Beach breaks in Somerset

Somerset coast offers a beautiful range of beaches to explore, whether you’re looking for swimming, beachcombing, coastal hikes or an energetic afternoon playing in the sand with the dog. From vibrant resorts with traditional seaside attractions and quiet, secluded beaches that offer peace and tranquillity or untamed beaches teeming with wildlife, fossils and challenging hikes.

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Brean Beach

Brean beach boasts one of the longest stretches of sand in Europe, it’s no wonder why it’s so popular with walkers, dog walkers, and beach sports enthusiasts. The sheer volume of sand makes it ideal for building sandcastles, playing beach games, and swimming in the sea. Plus, it’s dog-friendly all year round, making it a perfect walk for you and your pets. Looking out from the beach, Brean Down dominates the skyline. This 97-metre high headland stretches out into the sea, forming a natural pier. The more adventurous may enjoy climbing up the down and be rewarded with superb views over the Bristol Channel and the Somerset Levels.
The down is also home to several fascinating archaeological sites, with evidence of the area being occupied in the Stone and Iron Ages, and the remains of a Roman temple have also been excavated.

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Burnham-on-Sea Beach

The award-winning Burnham-on-Sea is one of Somerset’s classic seaside resorts due to the exceptional stretch of beach – one of the longest in Europe. By contrast, it is also home to Britain’s shortest pier. Built in 1911 and measuring just over 100 ft! There are various shops and cafes close by, and with landmarks steeped in history and a rich tapestry of family activities, Burnham-on-Sea offers something for everyone. Blossoming during the Victorian era, Burnham provides timeless seaside pleasures and retains much of its traditional charms – right down to donkey rides on the beach.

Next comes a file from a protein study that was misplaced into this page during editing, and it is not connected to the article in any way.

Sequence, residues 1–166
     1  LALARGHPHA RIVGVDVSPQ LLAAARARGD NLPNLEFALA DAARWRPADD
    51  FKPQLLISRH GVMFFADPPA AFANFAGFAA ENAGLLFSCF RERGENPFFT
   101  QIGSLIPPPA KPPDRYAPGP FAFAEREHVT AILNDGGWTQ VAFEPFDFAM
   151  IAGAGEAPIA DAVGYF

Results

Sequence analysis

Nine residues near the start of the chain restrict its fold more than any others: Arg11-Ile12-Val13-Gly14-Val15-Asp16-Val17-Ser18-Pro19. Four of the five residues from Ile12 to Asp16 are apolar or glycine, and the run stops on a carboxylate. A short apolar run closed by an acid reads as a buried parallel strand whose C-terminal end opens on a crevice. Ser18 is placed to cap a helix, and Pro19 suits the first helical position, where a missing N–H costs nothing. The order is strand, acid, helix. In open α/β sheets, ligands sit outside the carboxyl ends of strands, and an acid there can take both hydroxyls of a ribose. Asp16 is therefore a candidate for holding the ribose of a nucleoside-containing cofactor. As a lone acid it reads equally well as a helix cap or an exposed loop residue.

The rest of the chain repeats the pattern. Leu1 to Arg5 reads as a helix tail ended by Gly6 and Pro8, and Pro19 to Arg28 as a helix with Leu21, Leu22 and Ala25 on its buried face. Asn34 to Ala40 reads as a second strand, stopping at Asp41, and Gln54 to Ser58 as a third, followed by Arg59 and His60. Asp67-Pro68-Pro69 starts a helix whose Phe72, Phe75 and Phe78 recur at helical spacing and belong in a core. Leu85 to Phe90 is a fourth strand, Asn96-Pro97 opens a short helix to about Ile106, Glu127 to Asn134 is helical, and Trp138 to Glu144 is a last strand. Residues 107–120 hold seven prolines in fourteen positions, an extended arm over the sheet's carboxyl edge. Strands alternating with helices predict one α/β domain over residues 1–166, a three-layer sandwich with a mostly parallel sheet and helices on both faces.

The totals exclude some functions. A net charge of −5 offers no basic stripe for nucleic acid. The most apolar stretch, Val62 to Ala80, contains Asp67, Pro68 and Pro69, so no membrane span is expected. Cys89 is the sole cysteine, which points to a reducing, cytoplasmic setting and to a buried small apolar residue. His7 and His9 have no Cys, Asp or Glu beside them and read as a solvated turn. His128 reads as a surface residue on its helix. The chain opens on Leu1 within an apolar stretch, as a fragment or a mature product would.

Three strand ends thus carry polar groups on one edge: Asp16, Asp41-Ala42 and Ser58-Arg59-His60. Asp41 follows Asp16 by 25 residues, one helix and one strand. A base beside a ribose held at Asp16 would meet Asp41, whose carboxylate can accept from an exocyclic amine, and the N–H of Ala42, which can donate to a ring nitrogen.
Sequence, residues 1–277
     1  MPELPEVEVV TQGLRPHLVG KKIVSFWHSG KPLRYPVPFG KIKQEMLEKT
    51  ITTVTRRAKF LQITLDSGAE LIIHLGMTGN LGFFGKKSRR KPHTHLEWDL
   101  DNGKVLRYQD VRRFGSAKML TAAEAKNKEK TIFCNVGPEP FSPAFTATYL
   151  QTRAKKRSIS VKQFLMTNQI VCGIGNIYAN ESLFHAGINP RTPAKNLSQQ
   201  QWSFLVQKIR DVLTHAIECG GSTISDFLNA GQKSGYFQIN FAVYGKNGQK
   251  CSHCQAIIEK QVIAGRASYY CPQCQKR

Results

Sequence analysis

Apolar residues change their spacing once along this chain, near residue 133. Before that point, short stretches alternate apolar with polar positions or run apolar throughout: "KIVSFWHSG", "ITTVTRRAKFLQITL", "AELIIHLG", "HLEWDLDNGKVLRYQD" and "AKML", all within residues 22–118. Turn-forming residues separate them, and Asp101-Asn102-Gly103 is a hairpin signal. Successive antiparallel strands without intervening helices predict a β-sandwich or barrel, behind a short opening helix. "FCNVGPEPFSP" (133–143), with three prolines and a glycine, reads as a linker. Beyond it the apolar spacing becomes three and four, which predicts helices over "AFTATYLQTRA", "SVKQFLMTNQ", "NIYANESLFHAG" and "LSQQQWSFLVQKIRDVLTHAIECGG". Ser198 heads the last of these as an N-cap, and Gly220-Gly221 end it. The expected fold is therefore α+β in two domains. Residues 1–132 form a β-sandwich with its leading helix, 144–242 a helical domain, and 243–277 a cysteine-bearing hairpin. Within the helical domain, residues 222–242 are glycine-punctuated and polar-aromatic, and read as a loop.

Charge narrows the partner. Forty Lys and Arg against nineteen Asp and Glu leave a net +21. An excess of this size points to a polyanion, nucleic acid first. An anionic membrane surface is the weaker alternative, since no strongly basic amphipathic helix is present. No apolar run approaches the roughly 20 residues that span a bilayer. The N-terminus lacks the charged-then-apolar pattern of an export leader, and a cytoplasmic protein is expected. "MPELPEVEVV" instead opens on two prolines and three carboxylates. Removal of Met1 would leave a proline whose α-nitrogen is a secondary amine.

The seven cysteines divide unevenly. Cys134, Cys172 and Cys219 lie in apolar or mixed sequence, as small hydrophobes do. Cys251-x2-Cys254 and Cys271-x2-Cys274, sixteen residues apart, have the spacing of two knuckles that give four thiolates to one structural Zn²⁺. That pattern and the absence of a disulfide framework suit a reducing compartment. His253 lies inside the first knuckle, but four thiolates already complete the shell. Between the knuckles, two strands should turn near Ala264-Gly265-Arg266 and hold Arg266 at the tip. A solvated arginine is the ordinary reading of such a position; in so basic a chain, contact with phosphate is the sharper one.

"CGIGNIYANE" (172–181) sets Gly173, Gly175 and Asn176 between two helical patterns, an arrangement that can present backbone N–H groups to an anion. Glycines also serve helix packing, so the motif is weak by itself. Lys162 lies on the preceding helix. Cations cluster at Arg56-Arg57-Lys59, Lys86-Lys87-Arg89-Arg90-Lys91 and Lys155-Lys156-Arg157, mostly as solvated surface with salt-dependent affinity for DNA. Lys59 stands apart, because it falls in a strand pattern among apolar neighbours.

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Minehead Seafront

Minehead beach, also known as The Strand, is a vast expanse of sand, shingle, and rock pools. As the tide goes out, this sandy stretch of the beach becomes ideal for beach games and for building sandcastles, and the sea is popular with paddleboarders and kayakers. You can even try your hand at crab fishing off the harbour at high tide. Or relax and enjoy the flower-filled Blenheim Gardens or on the seafront. This end of the beach is also the starting point for the South West Coast Path, which runs to Poole in Dorset via Land’s End in Cornwall. And if you want to explore further, there’s a 14th Century church and the much-photographed historic Church Steps within the town. And if you fancy a bite, take a walk down the tree-lined Avenue and visit the selection of tea rooms, pubs and independent shops in the town centre.

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Weston-super-Mare Beach

Weston-super-Mare has everything you’d expect from a traditional Victorian English seaside town resort, including a pier, a promenade, donkey rides, fish and chips shops, amusements and a wide stretch of golden sand. Many events have been held on Weston-super-Mare beach and seafront, including the Pro Nationals, Weston Beach Race, Weston-super-Mare Air Festival, music concerts, T4 On The Beach Corona SunSets and South-West Live. The former iconic Tropicana Lido was also home to Banksy’s Dismaland exhibition in 2015, which brought thousands of visitors worldwide to the resort. In the winter, the beach still draws in crowds with walkers and those who wish to brave outdoor water sports and kite surfing, a very popular activity carried out at the Uphill Sands end of the beach. The promenade, which lines the 2-mile stretch between Royal Sands and Marine Lake, has been significantly improved in recent years and is perfect for strolling or cycling. Visitors who want to take in the views but don’t fancy the walk can take the Weston Land Train, which runs from Royal Sands or the Victoria Café to Knightstone Island.

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